You can ask an individual architect to custom-design your house based on your own specifications or use stock plans from a catalogue which meet your needs. A custom designed-house is created specifically for your family at your own taste but will be more expensive to build. When taken from a stock plan, the builder can make small modifications in room size, style or other details at minor cost.
Team of professionals selection
A good way to select an architect (arquitecto), a builder (construtor) or any other professional, is asking the local people who you can trust or owners of properties in the area.
· A topographer, to confirm the plot’s boundaries as well as its declivity.
· An architect or a home designer, to design or adapt the floor plans. If you want to confirm that your architect is fully licensed, you can check it at the Architects Association.
· An engineer for the supervision of the specialised specialised works (soil stability, electricity, gas, sewage, waste water, telecommunications, thermal and acoustic behaviour of the building.)
· A general builder for the house construction.
· A surveyor to ensure that the builder does his work according to the plans and specifications.
A written contract signed by the buyer, the builder and the architect is mandatory. It includes a detailed description of the project (Caderno de Encargos) and a copy of all the subcontracted contracts (electricity, sewage, ...).
Any alteration to the project should be done in written form, signed and annexed to the contract. Remember to read the entire contract and to have all questions answered. Never pay more than what is stated in the contract. It is wise to have a clause in the contract withholding during 6 to 12 months after completion, a part of the total payment (usually 3% to 5%) as a warranty to ensure that the builder will fix all building defects encountered during that period.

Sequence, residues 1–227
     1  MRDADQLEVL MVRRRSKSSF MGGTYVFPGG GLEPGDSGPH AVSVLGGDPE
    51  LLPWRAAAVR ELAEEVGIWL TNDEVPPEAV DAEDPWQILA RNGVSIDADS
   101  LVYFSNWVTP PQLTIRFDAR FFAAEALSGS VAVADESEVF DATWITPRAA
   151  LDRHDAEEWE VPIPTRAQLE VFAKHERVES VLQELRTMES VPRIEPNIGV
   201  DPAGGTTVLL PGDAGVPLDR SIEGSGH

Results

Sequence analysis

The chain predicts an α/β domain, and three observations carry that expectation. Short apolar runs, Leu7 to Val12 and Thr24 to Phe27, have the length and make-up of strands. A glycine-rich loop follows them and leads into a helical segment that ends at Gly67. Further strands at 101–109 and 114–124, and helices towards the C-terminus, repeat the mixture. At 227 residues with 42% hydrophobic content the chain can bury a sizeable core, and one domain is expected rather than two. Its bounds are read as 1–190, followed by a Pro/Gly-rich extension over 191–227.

The builder should present an insurance contract which covers the buyer in case of his bankruptcy or in case of non completion of the building.
The contract should contain:
· The contractor's full name, address, telephone number, and professional license number (Nº de Álvara) which can be checked through the National Building & Real Estate Institute (IMPIC).
· A detailed description of the work to be done specifying the materials to be used: quality, quantity, weight, colour, size, brand name, etc.
· The starting and completion dates.
· Final quotations (orçamentos) of the subcontractors with all costs discriminated.
· How, how much and when payments are to be made.
· A penalty clause for late completion.
· Any warranties and guarantees of workmanship.
· The description of cleaning and debris removal at the end of the construction.
· The designation of a court of arbitration in case of dispute.
Administrative authorisations, licences and inspections
The project and the special works (stability, electricity, gas, sewage, waste water, telecommunications, thermal and acoustic behaviour of the building) have to be submitted to the local municipality which has the authority to grant the approval of the project and the authorisation to proceed with the construction (Licença de Óbras) but has to forward the special works to the relevant entities for approval.
The different steps are:
· Application for a water and sewerage connection to the SMAS (Serviços Municipalizados de Àgua e Saneamento).
· Application for electricity connection to EDP (Electricidade de Madeira).
· Application for telephone connection to PT (Portugal Telecom).
· Inspection by the water and sewerage authority.
· Inspection by the power authority.
· Inspection by the telecommunication authority.
· Water and sewerage connections.
· Electricity connection.
· Telephone connection.
· Final inspection to obtain the Municipality Habitation Licence (Licença de Habitação).
· Registration of the building at the National Land Registry Records (Conservatória do Registo Predial).
Under Portuguese law, builders are responsible for small defects during one year after completion and five years for structural defects.
After completion, the builder should request the Municipality Habitation Licence (Licença de Habitação) confirming that the local authority (Câmara Municipal) has inspected the property and that it complies with planning permission and building regulations. The property should be inspected as well by the tax office (Serviço das Finanças) to fix its value for future payment o Property Transfer Tax (IMT) and Capital Gain Tax when being sold. The property should also be registered at the National Land Registry Records (Conservatória do Registo Predial).